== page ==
Method_1     Method_2     p-value
XGB          RandomForest 0.012
XGB          LGBM         0.216
RandomForest LGBM         0.326

If we look at these results, it appears that based on the 5x2-fold cross-validation, we can invalidate the hypothesis that the mean AUC for XGBoost and RandomForest are the same, right?  Maybe, there's one more subtle point that we have to consider.  Yes, the p-value. 0.012 is less than 0.05, but how many comparisons are we making?  Three.  Since we're doing multiple testing, we need to adjust our threshold for significance.  If we employ something simple like a Bonferroni correction, our threshold becomes 0.05/3 or 0.017.  For more information on multiple comparisons, please consult my previous blog post on the topic. Back to our data, it looks like we're ok and we can say that there is a difference between XGBoost and Random Forest.  

McNemar's test
Another method that Mitchell suggests for comparing classification models is McNemar's test.  One can think of this as a pairwise version of a chi-squared test.  In McNemar's test, we begin by creating a contingency table like the one below to compare the performance of model 1 and model 2.  


In this table, the regions are:
  • a - both models are correct
  • b - model 1 is correct, and model 2 is wrong
  • c - model 2 is correct, and model 1 is wrong
  • d - both models are wrong
We can then compute the chi-square statistic as 
This value can then be transformed into a p-value for people like me who don't typically think in terms of chi-squared values.   Luckily for us, McNemar's test is implemented in both the mlxtend and statsmodels Python libraries.  As with the confidence intervals above, I couldn't find a definitive way of plotting the data from McNemar's test, so I came up with the visualization below.  In the figure, a boxplot is shown for the distribution of p-values from 10 cycles of cross-validation with each of the three pairs of methods.  The dashed red line indicates the Bonferroni corrected threshold (0.017) for significance.  Based on the plot, we can see that we cannot invalidate the null hypothesis that Random Forest and LGBM are equivalent.  If we consider the median AUC, we do see that XGBoost differs from the other two methods.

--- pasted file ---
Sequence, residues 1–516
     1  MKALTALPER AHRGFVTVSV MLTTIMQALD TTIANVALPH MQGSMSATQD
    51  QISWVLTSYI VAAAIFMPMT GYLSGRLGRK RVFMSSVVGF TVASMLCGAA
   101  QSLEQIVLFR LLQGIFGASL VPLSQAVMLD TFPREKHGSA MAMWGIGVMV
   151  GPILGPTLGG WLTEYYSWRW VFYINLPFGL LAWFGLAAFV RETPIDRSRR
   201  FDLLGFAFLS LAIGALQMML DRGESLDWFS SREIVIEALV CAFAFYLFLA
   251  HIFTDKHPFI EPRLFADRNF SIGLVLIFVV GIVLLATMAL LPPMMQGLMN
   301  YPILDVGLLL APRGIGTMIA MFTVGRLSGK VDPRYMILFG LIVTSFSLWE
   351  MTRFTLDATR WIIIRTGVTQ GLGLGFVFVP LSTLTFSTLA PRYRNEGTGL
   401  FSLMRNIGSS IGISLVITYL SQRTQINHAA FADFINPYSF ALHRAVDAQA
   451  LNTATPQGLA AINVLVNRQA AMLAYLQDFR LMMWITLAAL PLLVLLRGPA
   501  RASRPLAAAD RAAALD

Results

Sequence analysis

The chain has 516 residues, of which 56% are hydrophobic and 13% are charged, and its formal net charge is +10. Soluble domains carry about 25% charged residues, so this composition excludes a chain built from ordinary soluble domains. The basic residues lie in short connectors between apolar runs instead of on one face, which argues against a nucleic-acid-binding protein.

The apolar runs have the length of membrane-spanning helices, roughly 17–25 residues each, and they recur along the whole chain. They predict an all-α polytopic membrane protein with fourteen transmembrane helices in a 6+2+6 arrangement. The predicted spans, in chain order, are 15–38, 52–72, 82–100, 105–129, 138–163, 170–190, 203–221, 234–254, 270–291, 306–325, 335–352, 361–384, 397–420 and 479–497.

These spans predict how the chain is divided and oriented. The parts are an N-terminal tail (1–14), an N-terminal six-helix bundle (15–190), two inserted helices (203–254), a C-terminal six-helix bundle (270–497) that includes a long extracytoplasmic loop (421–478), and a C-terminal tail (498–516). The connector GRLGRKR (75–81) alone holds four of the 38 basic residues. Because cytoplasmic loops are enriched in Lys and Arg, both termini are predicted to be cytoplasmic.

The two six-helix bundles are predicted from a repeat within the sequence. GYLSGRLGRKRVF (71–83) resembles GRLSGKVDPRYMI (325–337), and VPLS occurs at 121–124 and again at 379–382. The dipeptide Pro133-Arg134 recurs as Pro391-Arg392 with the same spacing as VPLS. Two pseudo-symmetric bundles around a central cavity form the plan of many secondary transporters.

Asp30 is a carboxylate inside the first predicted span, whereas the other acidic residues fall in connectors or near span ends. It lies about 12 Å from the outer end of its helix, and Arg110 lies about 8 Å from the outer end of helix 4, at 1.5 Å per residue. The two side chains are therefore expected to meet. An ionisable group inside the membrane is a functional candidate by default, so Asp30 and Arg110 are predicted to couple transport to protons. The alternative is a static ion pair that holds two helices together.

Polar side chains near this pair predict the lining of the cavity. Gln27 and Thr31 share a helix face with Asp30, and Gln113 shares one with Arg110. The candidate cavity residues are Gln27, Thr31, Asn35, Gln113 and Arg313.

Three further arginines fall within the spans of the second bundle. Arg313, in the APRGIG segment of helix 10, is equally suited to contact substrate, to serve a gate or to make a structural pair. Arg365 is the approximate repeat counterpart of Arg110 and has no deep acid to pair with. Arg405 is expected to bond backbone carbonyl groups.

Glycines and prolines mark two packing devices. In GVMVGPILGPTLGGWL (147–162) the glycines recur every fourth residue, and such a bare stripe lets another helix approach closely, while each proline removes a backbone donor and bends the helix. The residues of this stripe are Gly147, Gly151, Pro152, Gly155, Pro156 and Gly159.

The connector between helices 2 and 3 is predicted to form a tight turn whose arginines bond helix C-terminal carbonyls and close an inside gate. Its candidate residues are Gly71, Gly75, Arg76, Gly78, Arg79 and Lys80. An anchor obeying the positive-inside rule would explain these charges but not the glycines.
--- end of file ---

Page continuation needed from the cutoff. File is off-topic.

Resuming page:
Please note that this post is called "Some Thoughts on Comparing Classification Models" and not "The Definitive Guide to Comparing Classification Models."  I'm still figuring this out and just want to start a dialog.  I'm getting tired of reading things like "it is clear that deep learning outperforms more traditional methods" in the introductions to papers.  As a field, I think we do a pretty dismal job of evaluating and validating our methods.  At this point, I'm not convinced that we've proved anything.  It would be great if we could get together as a field and not only agree on standards but also put together code libraries that would enable people to compare methods in a consistent and straightforward fashion.  If anyone would be willing to collaborate on something like this, please let me know.  
















Comments

  1. Thanks for sharing these very important thoughts and practical recommendations!

    ReplyDelete
  2. Thanks for the post -- this is a pretty fundamental topic and mostly ignored in science teaching.

    I notice that in the Nichols paper he advocates for parametric over non-parametric methods (permutation tests, bootstrap, ...), because of e.g., the improved power. For me, resampling methods are the simplest way to get a trustworthy answer to problems like these. Teaching scientists chi-square tests etc. is a losing battle -- for example, even the simplest tests like ANOVA seem to be widely misunderstood (e.g., see https://twitter.com/GordonFeld/status/1025401812185227264), and how often are t-tests applied when the variance differs? In a research paper, and in my own results, I would trust a resampling-based statistic more than other approaches. I would be curious to see if these approaches can help with any of your examples.

    ReplyDelete
  3. Pat,

    Very thought-provoking as always.

    For a use of McNemar's test on continuous data (pose prediction by docking) see here
    https://pubs.acs.org/doi/10.1021/ci5001086

    For small numbers of discordant samples (b + c < 25, not the overall dataset size) using a binomial distribution and not the chi-squared distribution reduces Type I error.

    As to using resampling - if what what you want is

    p(data you found or data more extreme | the methods are really the same)

    then the permutation test is the way to go - no distributional assumptions either on the data or on the test statistic itself. Whether having that number helps you make better decisions is another matter entirely.

    ReplyDelete
  4. Great post!
    I've read so many papers using an "out of the box" statistical tests without checking if the assumptions hold (most often they don't). Another method that to compare ML algorithms and model selection is nested cross-validation. It's not a statistical test, but it can provide unbiased performance estimates on the test set.

    ReplyDelete

Post a Comment

Popular posts from this blog

AI in Drug Discovery 2020 - A Highly Opinionated Literature Review

Predicting Aqueous Solubility - It's Harder Than It Looks

Dissecting the Hype With Cheminformatics